In another exemplary embodiment according to the present invention, a top-emitting organic light emitting device includes: a substrate; a plurality of thin film transistors formed on the substrate, each thin film transistor including a semiconductor layer, a gate electrode, and source and drain electrodes; a data line and a power supply line formed in the same layer as the source and drain electrodes; a passivation layer formed on the plurality of thin film transistors; a planarization layer formed on the passivation layer; a via hole formed in the passivation layer and the planarization layer and exposing one of the source and drain electrodes; a pixel electrode formed on the planarization layer and connected to one of the source and drain electrodes through the via hole; and an organic layer including an organic emitting layer formed on the pixel electrode, and a counter electrode, wherein the pixel electrode is formed to overlap all the thin film transistors.

BRIEF DESCRIPTION OF THE DRAWINGS

The above and other features and advantages of certain embodiments will become more apparent through the following detailed description of certain embodiments with reference to the attached drawings.

FIG. 1 is a layout of red, green, and blue pixels of a pixel array in a conventional top-emitting organic light emitting device.

FIG. 2 is a circuit diagram illustrating a pixel circuit of an organic light emitting device according to one exemplary embodiment.

FIG. 3 is a timing diagram of the input signals of the pixel circuit shown in FIG. 2.

FIG. 4 is a layout of red, green, and blue pixels of a pixel array in a top-emitting organic light emitting device according to an example embodiment.

FIG. 5 is a cross-sectional view of a green pixel region in the top-emitting organic light emitting device of FIG. 4 taken along line I-I′ in FIG. 4.

FIG. 6 is a circuit diagram illustrating a pixel circuit of an organic light emitting device according to another embodiment.

FIG. 7 is a circuit diagram illustrating a pixel circuit of an organic light emitting device according to still another embodiment.

FIG. 8 is a circuit diagram illustrating a pixel circuit of an organic light emitting device according to yet another embodiment.

DETAILED DESCRIPTION OF CERTAIN INVENTIVE EMBODIMENTS

The present invention will now be described more fully with reference to the accompanying drawings, in which embodiments of the invention are shown. This invention may, however, be embodied in different forms and should not be construed as limited to the example embodiments set forth herein. Rather, these embodiments are provided so that this disclosure will be thorough and complete, and will convey the various aspects of the invention to those skilled in the art. In the accompanying drawings, when a layer is illustrated as being formed on another layer or a substrate, the layer may be formed directly on the other layer or substrate or a third layer may be interposed therebetween.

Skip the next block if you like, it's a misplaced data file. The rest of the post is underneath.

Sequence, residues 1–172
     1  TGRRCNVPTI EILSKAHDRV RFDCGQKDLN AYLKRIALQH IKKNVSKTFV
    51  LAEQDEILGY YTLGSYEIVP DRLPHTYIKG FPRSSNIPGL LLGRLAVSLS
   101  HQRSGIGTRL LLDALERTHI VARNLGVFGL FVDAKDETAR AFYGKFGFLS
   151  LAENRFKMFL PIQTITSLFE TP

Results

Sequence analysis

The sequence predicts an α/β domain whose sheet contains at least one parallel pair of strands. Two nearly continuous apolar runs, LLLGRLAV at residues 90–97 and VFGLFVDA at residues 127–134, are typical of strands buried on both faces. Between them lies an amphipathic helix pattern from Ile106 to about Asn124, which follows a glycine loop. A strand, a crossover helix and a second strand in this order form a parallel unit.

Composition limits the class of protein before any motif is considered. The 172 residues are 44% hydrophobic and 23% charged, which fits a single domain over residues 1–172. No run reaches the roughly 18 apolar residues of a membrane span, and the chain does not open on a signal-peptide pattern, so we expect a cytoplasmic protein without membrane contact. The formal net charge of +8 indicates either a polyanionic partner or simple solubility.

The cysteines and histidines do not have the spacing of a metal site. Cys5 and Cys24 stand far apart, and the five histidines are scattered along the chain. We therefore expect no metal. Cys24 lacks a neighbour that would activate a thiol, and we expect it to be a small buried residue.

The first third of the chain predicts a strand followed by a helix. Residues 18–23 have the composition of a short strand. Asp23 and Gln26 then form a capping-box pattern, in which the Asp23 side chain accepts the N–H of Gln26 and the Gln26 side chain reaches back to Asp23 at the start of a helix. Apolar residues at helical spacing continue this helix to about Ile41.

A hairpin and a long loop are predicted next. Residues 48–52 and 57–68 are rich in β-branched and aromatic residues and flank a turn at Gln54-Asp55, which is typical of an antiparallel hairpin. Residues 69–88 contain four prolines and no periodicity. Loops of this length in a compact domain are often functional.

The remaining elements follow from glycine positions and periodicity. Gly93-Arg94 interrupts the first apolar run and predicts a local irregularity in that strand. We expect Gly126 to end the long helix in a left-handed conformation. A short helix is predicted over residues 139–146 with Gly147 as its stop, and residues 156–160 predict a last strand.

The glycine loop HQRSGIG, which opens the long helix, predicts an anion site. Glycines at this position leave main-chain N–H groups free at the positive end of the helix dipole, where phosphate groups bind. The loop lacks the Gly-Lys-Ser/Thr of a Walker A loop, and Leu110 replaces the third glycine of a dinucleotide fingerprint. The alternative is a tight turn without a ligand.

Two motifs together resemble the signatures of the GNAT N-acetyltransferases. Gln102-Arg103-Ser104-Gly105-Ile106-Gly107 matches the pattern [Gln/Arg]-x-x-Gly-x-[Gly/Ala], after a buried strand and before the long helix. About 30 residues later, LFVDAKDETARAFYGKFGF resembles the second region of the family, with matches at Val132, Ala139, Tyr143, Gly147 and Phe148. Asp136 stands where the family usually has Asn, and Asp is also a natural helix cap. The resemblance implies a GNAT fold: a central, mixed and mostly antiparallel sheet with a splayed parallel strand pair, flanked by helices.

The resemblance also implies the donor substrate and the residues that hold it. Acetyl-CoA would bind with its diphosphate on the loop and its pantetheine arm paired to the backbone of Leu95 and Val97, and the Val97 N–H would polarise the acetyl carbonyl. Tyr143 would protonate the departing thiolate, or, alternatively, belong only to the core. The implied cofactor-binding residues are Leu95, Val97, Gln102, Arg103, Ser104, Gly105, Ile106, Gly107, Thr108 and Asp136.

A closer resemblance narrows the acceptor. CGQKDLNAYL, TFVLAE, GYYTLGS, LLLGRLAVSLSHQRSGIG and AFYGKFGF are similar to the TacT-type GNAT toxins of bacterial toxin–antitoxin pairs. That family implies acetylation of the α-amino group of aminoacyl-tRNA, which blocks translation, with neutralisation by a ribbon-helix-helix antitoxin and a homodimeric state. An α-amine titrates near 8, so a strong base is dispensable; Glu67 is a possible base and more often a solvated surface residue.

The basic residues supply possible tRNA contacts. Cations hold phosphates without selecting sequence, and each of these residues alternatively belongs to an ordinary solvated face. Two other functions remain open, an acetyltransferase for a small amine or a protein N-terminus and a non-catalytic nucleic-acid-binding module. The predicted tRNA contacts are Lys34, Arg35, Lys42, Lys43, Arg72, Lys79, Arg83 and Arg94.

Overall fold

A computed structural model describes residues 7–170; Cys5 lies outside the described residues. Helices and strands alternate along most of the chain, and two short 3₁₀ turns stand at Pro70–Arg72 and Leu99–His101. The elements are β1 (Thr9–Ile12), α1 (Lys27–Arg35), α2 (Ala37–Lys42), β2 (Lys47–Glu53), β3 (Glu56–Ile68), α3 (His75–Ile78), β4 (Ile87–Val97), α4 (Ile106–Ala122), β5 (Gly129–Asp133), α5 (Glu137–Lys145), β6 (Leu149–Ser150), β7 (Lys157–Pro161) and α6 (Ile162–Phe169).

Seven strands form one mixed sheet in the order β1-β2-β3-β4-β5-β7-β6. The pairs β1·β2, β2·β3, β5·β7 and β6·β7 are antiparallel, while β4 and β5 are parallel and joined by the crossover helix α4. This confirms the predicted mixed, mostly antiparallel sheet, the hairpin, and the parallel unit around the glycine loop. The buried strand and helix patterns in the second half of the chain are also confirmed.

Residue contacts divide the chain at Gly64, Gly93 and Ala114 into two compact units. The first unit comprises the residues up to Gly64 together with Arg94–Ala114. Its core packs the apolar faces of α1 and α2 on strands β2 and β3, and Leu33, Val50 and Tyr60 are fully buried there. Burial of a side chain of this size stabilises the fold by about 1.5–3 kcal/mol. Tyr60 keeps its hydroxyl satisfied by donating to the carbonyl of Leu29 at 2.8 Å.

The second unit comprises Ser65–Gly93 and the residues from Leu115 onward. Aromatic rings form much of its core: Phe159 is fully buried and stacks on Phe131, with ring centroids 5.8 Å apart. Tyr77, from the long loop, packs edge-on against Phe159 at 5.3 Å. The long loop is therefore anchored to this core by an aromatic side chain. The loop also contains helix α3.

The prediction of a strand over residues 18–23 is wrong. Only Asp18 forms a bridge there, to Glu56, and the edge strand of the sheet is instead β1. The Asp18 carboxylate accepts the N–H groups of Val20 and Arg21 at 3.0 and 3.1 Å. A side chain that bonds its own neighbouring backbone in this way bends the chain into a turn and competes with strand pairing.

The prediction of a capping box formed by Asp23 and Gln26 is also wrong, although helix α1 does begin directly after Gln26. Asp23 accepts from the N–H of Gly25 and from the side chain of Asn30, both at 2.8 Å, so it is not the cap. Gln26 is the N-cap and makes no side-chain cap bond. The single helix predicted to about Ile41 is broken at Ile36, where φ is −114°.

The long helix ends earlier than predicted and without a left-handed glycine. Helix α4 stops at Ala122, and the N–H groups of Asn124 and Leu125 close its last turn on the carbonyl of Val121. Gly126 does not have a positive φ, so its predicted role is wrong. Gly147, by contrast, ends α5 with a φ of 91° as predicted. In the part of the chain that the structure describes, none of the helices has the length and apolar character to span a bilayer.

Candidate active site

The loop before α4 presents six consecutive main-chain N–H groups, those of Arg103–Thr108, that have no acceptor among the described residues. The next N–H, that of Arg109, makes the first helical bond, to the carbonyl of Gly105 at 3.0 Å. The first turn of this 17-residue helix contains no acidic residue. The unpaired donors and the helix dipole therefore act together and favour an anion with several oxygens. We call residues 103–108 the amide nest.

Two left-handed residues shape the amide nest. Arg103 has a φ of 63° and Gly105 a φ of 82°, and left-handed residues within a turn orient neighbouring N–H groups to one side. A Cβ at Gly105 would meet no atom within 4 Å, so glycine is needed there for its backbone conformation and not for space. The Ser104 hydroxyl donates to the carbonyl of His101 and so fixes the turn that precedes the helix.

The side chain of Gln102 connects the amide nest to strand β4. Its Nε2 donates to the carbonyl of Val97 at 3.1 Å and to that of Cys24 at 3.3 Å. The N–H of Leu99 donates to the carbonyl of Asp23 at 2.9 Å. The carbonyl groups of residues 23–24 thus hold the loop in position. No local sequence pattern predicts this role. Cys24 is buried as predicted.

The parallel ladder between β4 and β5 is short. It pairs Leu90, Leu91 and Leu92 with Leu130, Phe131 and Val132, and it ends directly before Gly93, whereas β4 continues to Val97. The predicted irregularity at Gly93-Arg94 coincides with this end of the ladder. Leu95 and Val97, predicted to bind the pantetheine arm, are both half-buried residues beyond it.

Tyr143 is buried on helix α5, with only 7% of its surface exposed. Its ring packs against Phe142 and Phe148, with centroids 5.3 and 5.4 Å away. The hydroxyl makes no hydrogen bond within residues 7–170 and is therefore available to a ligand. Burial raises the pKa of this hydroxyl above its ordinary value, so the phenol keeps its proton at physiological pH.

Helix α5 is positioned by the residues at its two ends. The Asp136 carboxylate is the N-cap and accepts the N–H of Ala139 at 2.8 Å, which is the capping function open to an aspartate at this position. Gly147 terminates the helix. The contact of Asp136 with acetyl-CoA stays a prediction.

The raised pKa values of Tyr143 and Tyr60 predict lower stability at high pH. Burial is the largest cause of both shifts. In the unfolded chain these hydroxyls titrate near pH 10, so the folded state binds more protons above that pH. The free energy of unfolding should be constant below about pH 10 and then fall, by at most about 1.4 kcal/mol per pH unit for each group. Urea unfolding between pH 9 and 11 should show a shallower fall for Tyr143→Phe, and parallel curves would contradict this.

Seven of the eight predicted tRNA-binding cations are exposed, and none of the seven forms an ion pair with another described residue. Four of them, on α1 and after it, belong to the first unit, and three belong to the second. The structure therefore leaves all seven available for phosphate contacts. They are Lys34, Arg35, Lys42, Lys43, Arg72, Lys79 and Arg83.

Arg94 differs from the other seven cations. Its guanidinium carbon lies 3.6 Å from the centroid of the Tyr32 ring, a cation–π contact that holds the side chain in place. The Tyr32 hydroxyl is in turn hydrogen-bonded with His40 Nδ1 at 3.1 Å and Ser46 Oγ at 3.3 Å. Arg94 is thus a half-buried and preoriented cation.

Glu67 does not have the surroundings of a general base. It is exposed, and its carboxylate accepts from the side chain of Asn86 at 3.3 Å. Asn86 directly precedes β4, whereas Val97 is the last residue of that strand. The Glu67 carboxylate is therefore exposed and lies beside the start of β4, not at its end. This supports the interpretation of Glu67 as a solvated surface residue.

FIG. 2 is a circuit diagram of an organic light emitting device according to an embodiment.

For convenience, a pixel circuit connected to the mth data line Dm and the nth scan line Sn is illustrated in FIG. 2. A scan line for transmitting the current selection signal will be referred to as a “present scan line Sn”, and a scan line for transmitting a selection signal immediately prior to the current selection signal will be referred to as a “previous scan line Sn−1”.

Referring to FIG. 2, a pixel circuit includes an organic light emitting diode OLED and a pixel driving circuit for driving the organic light emitting diode OLED. The pixel driving circuit includes first through fifth thin film transistors M1 through M5 and two capacitors Cst and Cvth.

The first thin film transistor M1 is used as a driving transistor for driving the organic light emitting diode OLED and is connected between a power supply Vdd and the organic light emitting diode OLED. When a data voltage is applied to the gate of the first thin film transistor M1, the first thin film transistor M1 causes a current to flow in the organic light emitting diode OLED through the fourth thin film transistor M4. The second thin film transistor M2 causes the first thin film transistor M1 to be diode connected in response to a selection signal transmitted by the previous scan line Sn−1.

The gate of the first thin film transistor M1 is connected to a first electrode A of the capacitor Cvth. Further, the capacitor Cst and the fifth thin film transistor M5 are connected in parallel between a second electrode B of the capacitor Cvth and the power supply Vdd. The fifth thin film transistor M5 supplies a power supply voltage Vdd to the second electrode B of the capacitor Cvth in response to the selection signal transmitted by the previous scan line Sn−1.

The third thin film transistor M3 supplies a data voltage from the data line Dm to the second electrode B of the capacitor Cvth in response to the selection signal transmitted by the present scan line Sn. The fourth thin film transistor M4 is connected between the drain of the first thin film transistor M1 and the pixel electrode of the organic light emitting diode OLED and causes the drain of the first thin film transistor M1 to be selectably electrically connected to the organic light emitting diode OLED according to an emission control signal transmitted by an emission control line Em.